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Saturday, February 17, 2007

RH: Idea to prevent Bio-invasion from ships Ballast Water

From: Robert Ho (ho3@pacific.net.sg)
Subject: RH: Idea to prevent bio-invasion from ships ballast water

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Newsgroups: soc.culture.singapore
Date: 2004-02-10 06:07:51 PST

RH: One [im?]possible idea to limit bio-invasions from ballast tank
waters is to filter the water such that only salt water is left,
without any micro-organisms. But this is too difficult and expensive.
Probably wouldn't work.

other words, the pumps [which are already there and hence, no need for expensive installations, will be in 2 sets, one pumping in water and the other pumping out water, every 10-50 kilometres or so. In other words, as the ship is moving, the pumps are regularly used to pump OUT the ballast tanks while simultaneously pumping IN water to replace the tanks being pumped out.

This means that the total weight of water remains the same but no
TAKEN IN. Thus, at the worst, the micro organisms are only moved no
more than 50 km away from where they were pumped in. Thus, local
ecologies are preserved and yet the ships can have their ballasts.

This idea could work if it can be ensured that with all this pumping
in and out, firstly, almost all the water is ROTATED, resulting in a
complete flush out, yet the weight of water to ballast the ship is
maintained. Secondly, the distance of moving the micro organisms is
kept to a reasonable distance. I have suggested 10-50 km but I am no
expert. Let some expert study this and make his/her recommendations.
Third, the pumping in and out of water tanks should not endanger the
ship's stability, of course. This is easily done since the ship has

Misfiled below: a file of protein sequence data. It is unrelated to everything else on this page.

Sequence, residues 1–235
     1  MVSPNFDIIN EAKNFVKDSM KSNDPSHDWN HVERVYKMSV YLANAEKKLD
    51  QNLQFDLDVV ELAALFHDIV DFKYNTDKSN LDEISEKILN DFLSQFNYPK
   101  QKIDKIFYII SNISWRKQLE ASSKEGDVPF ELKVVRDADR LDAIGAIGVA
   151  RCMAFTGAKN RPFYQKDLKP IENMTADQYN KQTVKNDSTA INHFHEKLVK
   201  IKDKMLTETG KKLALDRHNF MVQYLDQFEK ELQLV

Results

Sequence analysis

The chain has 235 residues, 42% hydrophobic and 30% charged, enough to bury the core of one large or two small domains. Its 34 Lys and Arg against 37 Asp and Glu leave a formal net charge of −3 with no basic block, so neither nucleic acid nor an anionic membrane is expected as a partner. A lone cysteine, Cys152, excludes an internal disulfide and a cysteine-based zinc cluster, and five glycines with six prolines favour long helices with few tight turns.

many individual ballast tanks, I presume, so some may be evacuated
while others filled, yet the ship is still maintained at full
stability, probably by computers which maintain the overall stability.


RH: If this Continuous Discharge or Short Distance Discharge idea is
found to be cheap, simple and feasible, then there are just a few
administrative steps to complete it.

1. Since the destination port is the victim of such bio-invasions,
the destination port will be best to insist on the Continuous
Discharge or Short Distance Discharge scheme.

2. Captains of all ships with such propensity must keep a Eco Log
which logs the number of discharges and positions where such
discharges is done. Once the ship reaches a port, the Captain must fax or radio or email over an Eco Declaration, which must include the Eco Log. The Declaration simply states the Eco Log activities and any
Exceptions Report and will have the force of a Signed Declaration with legal force.

3. Thus, this Eco Declaration is a legal document and false
declarations can be punished exactly like a false declaration in
court. Most jurisdictions will be able to implement this without
having to pass new laws. Most existing laws on making signed and
official declarations will suffice.

4. Punishment for false declarations can visit not only the captain
but also the shipowner. Thus, this Eco Declaration can be easily
implemented and enforced by fines or even jail of the captain and the
shipowner. The shipowner must spend the small money to implement this
Continuous Discharge or Short Distance Discharge schemes. And to
insist on their compliance. The captain of the ship must therefore
implement the scheme and hand over the signed declaration at every
destination port.

5. Thus, it is all easily administered and implemented with little
cost or inconvenience to the business of shipping.